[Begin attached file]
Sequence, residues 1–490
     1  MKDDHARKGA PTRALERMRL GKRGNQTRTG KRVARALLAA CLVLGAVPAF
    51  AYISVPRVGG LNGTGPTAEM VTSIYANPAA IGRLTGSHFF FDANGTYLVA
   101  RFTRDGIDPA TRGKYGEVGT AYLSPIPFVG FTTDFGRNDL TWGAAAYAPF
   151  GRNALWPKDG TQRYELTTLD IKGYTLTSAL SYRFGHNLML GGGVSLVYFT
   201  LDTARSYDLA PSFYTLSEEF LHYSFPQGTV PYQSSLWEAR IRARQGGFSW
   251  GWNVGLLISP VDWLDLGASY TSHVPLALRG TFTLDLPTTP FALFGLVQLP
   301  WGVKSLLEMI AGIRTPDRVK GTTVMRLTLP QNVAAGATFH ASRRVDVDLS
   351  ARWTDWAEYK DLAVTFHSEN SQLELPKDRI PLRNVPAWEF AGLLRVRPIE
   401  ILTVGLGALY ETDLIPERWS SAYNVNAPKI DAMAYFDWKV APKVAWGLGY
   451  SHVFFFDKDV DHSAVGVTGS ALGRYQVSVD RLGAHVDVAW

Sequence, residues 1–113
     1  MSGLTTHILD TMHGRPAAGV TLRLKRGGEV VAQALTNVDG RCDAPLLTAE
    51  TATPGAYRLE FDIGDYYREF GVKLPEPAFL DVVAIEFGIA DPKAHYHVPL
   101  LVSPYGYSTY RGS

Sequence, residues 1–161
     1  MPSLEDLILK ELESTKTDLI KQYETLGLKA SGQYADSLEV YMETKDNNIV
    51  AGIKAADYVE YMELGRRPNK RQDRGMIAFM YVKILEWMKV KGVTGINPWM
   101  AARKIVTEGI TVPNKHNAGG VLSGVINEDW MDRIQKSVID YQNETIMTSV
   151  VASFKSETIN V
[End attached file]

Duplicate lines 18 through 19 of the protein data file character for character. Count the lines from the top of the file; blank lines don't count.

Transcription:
    51  AGIKAADYVE YMELGRRPNK RQDRGMIAFM YVKILEWMKV KGVTGINPWM
   101  AARKIVTEGI TVPNKHNAGG VLSGVINEDW MDRIQKSVID YQNETIMTSV